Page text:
Daily news is information about the current events occurring in the world. This information can be in the form of news stories or editorials, and may also include photographs or other visual media. The information is normally presented in a newspaper. Newspapers are often published daily or weekly, and can be found in print or online. Some are specialized and cover specific industries such as sports, business, politics, science, or society. Others are general-interest and provide national and international news. A newspaper is usually edited and published by a staff of journalists. The person in charge of the newspaper is called the editor, or editor-in-chief. The editorial staff is typically organized into various divisions, each of which is supervised by a senior editor. Depending on the size of the newspaper, some editors may have overall responsibility for all areas while others focus on particular topics such as politics or crime.
In early modern Europe, the growing interaction between cities created a need for rapid, concise, handwritten reports of political and military events and economic developments. These were the ancestors of today’s newspapers. In 1556, the government of Venice first published notizie scritte (notices written) costing one gazetta, a small coin, to convey political news quickly and efficiently to city residents. This format became the model for later printed newspapers, which had to meet certain criteria to be considered a true newspaper.
Throughout the twentieth century, many of the most famous newspapers were founded by publishers who embraced social ideals that had not yet gained widespread currency in the public consciousness. These include the socialist ideals that Charles Dickens promoted in his newspaper, The Daily News, and the pacifist ideas of George Cadbury, the owner of The Daily Telegraph from 1901 until its merger with The Morning Leader in 1912.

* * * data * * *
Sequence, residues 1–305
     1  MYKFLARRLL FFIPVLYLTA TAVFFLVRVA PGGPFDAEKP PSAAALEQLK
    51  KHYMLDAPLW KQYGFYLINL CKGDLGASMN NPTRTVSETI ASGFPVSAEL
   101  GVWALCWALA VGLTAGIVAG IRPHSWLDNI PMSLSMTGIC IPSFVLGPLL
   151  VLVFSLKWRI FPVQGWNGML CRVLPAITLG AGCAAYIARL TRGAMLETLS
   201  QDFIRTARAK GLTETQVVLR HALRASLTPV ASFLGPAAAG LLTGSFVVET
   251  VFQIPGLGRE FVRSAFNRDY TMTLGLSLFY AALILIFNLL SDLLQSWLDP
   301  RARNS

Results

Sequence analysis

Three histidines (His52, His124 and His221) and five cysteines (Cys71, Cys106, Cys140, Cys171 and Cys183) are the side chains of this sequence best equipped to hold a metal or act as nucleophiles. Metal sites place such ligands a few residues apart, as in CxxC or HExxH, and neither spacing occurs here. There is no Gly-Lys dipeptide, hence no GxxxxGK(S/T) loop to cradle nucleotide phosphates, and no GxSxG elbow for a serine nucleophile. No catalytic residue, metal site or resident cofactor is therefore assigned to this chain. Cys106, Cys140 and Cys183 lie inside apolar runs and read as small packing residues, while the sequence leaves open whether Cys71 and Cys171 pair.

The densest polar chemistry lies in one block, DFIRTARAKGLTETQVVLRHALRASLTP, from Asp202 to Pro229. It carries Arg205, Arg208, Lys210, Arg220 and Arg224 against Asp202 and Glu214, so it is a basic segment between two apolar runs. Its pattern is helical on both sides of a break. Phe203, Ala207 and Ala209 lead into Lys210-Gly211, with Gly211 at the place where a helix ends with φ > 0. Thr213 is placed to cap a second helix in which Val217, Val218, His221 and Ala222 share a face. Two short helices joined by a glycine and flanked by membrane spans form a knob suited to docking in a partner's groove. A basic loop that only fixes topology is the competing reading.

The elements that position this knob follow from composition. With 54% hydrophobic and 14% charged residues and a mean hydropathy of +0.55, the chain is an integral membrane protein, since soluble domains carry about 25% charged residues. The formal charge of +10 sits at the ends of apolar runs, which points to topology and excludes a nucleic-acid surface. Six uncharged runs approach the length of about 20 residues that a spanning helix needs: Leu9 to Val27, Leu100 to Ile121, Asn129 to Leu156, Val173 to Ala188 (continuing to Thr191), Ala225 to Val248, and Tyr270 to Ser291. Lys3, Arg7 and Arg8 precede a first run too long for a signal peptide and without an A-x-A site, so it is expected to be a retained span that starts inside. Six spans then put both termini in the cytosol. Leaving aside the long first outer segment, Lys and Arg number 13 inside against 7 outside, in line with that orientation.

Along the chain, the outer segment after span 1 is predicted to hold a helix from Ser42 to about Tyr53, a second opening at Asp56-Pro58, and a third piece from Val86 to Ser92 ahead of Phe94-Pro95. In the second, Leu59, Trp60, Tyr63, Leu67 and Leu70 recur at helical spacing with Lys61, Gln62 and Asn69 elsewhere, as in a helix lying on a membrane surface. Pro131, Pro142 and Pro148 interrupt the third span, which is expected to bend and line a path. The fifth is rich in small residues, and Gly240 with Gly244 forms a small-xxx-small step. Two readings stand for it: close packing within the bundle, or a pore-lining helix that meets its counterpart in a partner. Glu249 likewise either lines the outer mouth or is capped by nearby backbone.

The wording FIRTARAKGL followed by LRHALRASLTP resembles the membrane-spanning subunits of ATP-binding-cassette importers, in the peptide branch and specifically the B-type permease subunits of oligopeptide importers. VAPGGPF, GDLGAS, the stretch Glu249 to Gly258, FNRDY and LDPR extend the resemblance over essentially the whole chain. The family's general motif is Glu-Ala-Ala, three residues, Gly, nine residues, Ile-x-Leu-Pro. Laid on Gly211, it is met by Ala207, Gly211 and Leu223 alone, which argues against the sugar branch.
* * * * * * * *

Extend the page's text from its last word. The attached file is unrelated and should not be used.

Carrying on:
The most important function of a newspaper is to communicate a range of news and opinions to its readership. Opinions are typically expressed in the editorial and letters to the editor sections, while factual reporting is provided in the news and feature articles. Newspapers can also be criticized for their bias or lack of objectivity, and attempts to improve this have included the introduction of ombudsmen, ethical standards training, more stringent correction policies, and greater transparency about editing processes and decisions.
Historically, the largest and most influential daily newspapers have been those that are published in major urban centres. This is because they have the greatest potential to reach a large and diverse audience, and can be printed more cheaply than regional or local papers. This has been partly offset by the growth of online newspapers, which can be published for free or a very low cost and be read by anyone with Internet access. The Internet has increased the number of people able to get their daily news, although there are still populations without access to it, such as homeless people and those living in remote or rural areas.